In first responder life, you’re faced with emotional situations every day. You see people in their worst moments but, for you, it’s a time to pull together and do a job. It’s a job of boots and tears, but it seems clear in training that first responders are not the ones allowed to cry.
[Trigger Warning: Aspects of emergencies which trigger PTS for some are mentioned.]
First responders are meant to be tough, trained to handle the most drastic and traumatic moments with calm and focus. After all, it’s not your emergency. That’s not your house. That’s not your mom. It’s not your kid. Pull yourself up by your bootstraps and get going. Do the job.
The job is not humane. The job is extreme. Your job is to handle the worst case scenario in the blink of an eye and walk away to take on another job of possibly the same calibur. Boots, gear, equipment, even training can only protect you from the physical elements (and you hope they do.) But there’s more to the job than physicality though; there’s the human side.
Truly you see the emotions pouring out of your patients, your victims, all those you’re dealing with. Most of the time, you don’t question why they would cry or lose it at a time like this. Why, then, do you hold back your own tears? Why do you feel like you need to rise above it like you’re some kind of super human? Can’t let the public see these traumas affecting you, right?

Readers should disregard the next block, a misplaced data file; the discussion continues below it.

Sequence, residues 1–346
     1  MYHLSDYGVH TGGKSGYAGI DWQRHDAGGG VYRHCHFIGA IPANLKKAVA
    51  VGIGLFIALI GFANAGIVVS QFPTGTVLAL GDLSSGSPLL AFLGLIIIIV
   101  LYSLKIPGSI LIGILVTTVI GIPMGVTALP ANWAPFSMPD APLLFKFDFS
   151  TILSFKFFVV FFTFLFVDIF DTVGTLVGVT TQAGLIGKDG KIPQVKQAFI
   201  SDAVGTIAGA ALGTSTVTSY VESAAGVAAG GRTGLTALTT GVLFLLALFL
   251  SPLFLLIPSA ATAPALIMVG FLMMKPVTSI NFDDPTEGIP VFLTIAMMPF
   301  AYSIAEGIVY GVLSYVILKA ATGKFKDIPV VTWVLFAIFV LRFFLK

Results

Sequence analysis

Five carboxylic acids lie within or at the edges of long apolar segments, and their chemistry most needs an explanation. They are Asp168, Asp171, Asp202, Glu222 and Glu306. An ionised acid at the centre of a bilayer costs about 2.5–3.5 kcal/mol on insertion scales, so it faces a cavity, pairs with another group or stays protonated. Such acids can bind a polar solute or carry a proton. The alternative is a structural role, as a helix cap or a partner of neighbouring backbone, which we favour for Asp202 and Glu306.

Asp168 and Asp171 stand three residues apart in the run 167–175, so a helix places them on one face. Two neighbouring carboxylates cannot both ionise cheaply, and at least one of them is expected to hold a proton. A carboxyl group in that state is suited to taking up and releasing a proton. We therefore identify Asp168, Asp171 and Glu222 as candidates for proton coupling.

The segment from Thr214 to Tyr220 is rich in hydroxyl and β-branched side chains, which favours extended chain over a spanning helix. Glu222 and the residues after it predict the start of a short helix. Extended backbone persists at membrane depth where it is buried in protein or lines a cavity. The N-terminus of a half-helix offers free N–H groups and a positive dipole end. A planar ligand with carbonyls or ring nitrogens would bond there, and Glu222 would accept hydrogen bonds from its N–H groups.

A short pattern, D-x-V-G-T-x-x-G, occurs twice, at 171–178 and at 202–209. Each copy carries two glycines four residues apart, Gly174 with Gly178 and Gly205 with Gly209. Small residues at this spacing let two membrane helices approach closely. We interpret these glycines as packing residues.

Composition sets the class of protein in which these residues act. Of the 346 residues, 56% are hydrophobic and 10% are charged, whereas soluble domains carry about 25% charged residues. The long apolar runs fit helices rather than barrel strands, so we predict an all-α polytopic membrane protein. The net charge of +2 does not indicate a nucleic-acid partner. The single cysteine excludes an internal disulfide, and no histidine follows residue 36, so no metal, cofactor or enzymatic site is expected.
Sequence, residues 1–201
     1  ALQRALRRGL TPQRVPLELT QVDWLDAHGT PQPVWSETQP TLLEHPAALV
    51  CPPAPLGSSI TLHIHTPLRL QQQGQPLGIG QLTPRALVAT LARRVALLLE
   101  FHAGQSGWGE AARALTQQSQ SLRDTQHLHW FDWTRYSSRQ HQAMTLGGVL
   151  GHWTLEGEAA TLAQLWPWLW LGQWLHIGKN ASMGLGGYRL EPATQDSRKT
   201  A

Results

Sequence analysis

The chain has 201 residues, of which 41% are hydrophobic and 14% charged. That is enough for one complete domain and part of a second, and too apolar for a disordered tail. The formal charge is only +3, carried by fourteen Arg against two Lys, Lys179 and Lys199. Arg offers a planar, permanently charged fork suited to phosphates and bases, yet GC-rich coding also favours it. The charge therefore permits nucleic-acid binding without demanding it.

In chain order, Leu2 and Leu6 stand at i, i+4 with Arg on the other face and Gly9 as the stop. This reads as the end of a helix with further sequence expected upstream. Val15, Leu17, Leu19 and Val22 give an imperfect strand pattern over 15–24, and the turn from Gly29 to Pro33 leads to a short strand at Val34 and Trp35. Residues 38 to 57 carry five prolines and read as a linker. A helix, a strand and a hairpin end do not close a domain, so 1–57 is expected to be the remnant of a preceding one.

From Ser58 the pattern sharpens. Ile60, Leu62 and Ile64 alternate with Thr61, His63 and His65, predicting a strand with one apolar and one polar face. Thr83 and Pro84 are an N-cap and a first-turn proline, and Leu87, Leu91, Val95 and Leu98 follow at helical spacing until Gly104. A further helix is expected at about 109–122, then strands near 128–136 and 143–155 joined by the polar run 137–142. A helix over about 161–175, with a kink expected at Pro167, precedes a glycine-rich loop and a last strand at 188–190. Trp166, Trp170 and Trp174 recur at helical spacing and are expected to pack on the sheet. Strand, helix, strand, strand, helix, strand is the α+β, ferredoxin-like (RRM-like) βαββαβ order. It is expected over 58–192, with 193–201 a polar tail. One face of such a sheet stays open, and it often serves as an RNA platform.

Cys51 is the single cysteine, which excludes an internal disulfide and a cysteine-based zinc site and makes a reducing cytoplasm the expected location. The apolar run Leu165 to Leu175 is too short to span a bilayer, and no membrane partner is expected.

But they do affect you. You go home and see the faces, the scars, the fear. You hear the screams, the sounds, and you smell the smoke and burning. Maybe you don’t even want to sleep anymore. You push it down hoping it won’t resurface, yet off you go to another call. How long can you do this before it affects you?
The reality is not long. It’s affecting you now, right now. The only way to heal a wound is to clean it and tend to it. The more you ignore wounds, deep wounds that emotional trauma brings, the worse they get. They become infected, even gangrenous, until you’ve separated yourself from friends, family, and maybe even gotten fired. At this point, a physical wound could lead to losing a limb. For emotional wounds, this could lead to losing a life. So the question is, do you care for your inner, unseen wounds like you would for your external, physical wounds? Do you balance your boots and tears?
If the answer is yes, hopefully you’re caring for both in a positive way so you find proper healing. Let’s face it, some of us are bad at both. If the answer is no, let’s do something about that! Your whole being deserves to be healthy! It’s vital that you clean out those wounds too or they will fester. Everything surfaces at some point, no exceptions. Your inner self needs healing as much as the rest of you.
Coaching, therapy, or peer support are great starting points. Involving someone else is crucial because you need another human to see those wounds. Find a person or group you trust and start caring for the whole you. After a while, those boots won’t feel so heavy and those tears won’t feel so burdensome.